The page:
Robert Taylor on the Cover: the Thirties

1930’s Movie Magazines

During the 1930’s, Robert Taylor’s face was everywhere. He beamed from every newsstand in black and white and living color.  Most of the images were romantic and emphasized his good looks but a few differed.  The one from Yugoslavia showing Mr. Taylor drinking coffee, for instance, or the one with his battered face from The Crowd Roars are unusual.  He is often featured with his co-stars, most often Jean Harlow in Personal Property or Barbara Stanwyck in This Is My Affair.

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Yugoslavia; Yugoslavia; Italy; Argentina

These covers remind us of how different the world was then.  Paper and print were cheap and movie magazines flourished by the dozens.  The average price was between 5 and 10 cents in the United States.  Everyone went to the movies, not just adolescent males who like to watch things blow up.  For a nickel a young couple could buy an evening in the comfort of a movie theater, with maybe another nickel for ice cream later.

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USA; UK; UK; USA

Movies weren’t supposed to be real and hard hitting they way they became in the fifties and sixties.  The country was in a deep and lasting Depression and films provided a welcome relief from it all.

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USA; USA; USA; Brazil

These magazines were meant for women and girls.  They were read and discussed by the working women of the thirties and by the stay at home mothers. Every facet of a star’s life, whether real or imagined, would turn up on the pages of Photoplay, True Romances, or Movie Mirror.

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USA; USA; USA; USA

The studios, like MGM, worked with the magazines to make their stars available for interviews and photographs, and to intervene if a star got off track and started to talk about anything too real.  There are also some serious magazines like Films in Review for those who insist on analyzing movies rather than just enjoying them.

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France; USA; USA; USA

I am especially intrigued by a magazine called The Gentlewoman. Perhaps gentlewomen preferred Robert Taylor.

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Italy; USA; USA; USA

Nor were Mr. Taylor’s appearances on covers limited to American magazines.  You could find him on newsstands in countries from Spain to Turkey to Israel and points beyond.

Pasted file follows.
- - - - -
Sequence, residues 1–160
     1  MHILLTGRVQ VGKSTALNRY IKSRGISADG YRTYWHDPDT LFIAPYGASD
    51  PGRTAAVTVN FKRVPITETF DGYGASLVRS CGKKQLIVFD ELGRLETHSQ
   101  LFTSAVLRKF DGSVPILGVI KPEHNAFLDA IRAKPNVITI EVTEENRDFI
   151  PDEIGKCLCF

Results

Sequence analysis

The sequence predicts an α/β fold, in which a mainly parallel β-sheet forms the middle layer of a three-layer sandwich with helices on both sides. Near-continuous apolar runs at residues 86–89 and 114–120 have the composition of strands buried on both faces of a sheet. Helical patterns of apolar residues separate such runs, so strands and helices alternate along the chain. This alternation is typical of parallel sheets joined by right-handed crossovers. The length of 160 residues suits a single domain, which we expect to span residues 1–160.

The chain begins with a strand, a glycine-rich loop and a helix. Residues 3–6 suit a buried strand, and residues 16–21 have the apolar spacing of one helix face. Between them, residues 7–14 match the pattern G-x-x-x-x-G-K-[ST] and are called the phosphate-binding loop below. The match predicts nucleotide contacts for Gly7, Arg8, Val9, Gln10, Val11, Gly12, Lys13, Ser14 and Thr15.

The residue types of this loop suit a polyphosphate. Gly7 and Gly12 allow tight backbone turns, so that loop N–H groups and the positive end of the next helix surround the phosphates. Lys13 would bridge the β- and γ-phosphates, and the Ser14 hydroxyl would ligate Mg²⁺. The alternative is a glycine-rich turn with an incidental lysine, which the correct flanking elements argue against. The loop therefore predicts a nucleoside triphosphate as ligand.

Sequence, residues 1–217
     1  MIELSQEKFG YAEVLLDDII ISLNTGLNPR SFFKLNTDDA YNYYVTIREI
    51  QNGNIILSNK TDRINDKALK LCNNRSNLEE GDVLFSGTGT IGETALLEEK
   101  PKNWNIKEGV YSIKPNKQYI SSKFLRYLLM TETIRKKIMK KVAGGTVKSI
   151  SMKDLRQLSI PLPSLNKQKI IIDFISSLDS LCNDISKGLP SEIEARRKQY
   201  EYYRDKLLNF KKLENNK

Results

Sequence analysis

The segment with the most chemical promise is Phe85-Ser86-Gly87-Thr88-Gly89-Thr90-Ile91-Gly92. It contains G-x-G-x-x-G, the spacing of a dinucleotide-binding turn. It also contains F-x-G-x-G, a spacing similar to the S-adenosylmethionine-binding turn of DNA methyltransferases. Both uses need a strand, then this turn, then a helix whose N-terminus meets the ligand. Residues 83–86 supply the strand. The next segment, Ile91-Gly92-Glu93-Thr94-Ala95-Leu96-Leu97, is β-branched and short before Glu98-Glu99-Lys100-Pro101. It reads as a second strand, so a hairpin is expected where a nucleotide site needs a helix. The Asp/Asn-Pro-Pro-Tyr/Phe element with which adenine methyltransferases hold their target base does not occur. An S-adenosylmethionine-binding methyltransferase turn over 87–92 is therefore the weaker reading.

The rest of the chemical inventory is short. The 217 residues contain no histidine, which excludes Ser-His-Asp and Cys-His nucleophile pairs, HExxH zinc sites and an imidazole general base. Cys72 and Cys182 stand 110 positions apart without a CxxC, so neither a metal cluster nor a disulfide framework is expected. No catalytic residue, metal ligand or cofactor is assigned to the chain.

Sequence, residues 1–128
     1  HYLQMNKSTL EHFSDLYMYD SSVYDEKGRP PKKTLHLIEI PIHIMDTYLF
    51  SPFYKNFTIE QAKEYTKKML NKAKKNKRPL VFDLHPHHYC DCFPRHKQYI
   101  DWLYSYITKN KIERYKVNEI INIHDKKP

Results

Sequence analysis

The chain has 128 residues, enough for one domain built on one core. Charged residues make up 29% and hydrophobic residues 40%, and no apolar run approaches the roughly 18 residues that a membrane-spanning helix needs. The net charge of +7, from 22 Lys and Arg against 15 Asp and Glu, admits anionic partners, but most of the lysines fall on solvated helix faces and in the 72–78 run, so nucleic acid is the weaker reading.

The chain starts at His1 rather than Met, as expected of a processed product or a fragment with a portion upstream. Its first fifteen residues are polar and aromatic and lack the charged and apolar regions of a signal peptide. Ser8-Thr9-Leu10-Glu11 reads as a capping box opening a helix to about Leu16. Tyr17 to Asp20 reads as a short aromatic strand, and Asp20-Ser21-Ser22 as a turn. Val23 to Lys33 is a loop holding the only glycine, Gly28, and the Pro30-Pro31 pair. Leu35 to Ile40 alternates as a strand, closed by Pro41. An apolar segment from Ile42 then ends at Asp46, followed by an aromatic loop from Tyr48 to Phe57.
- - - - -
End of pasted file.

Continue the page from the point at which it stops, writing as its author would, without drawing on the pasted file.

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UK; USA; UK; USA

Many of the stories in these magazines were entirely fictional. The studios generally didn’t complain unless there was something that would damage one of their stars. This illustrates the old saying that “any publicity is good publicity.”

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USA; USA; UK; USA

The movie magazines were influential.  An article in Photoplay in December, 1938 about Hollywood’s “unmarried couples” resulted in a number of marriages including that of Robert Taylor and Barbara Stanwyck and Clark Gable and Carole Lombard.

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USA; USA; Italy; UK

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UK; UK; UK; UK

RT3092RT3091RT2592RT3146
UK; UK; USA; UK

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USA; USA; Mexico; Italy

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USA; unknown; unknown; USA;

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UK; Brazil; France; USA

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USA; Sweden; Yugoslavia; Turkey

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About giraffe44

I became a Robert Taylor fan at the age of 15 when his TV show, "The Detectives" premiered. My mother wanted to watch it because she remembered Mr. Taylor from the thirties. I took one look and that was it. I spent the rest of my high school career watching Robert Taylor movies on late night TV, buying photos of him, making scrapbooks and being a typical teenager. College, marriage and career intervened. I remember being sad when Mr. Taylor died. I mailed two huge scrapbooks to Ursula Thiess. I hope she got them. Time passed, retirement, moving to Florida. Then in 2012 my husband Fred pointed that there were two Robert Taylor movies that evening on Turner Classic Movies--"Ivanhoe" and "Quentin Durward." I watched both and it happened all over again. I started this blog both for fans and for people who didn't know about Robert Taylor. As the blog passes 200,000 views I'm delighted that so many people have come by and hope it will help preserve the legacy of this fine actor and equally good man.
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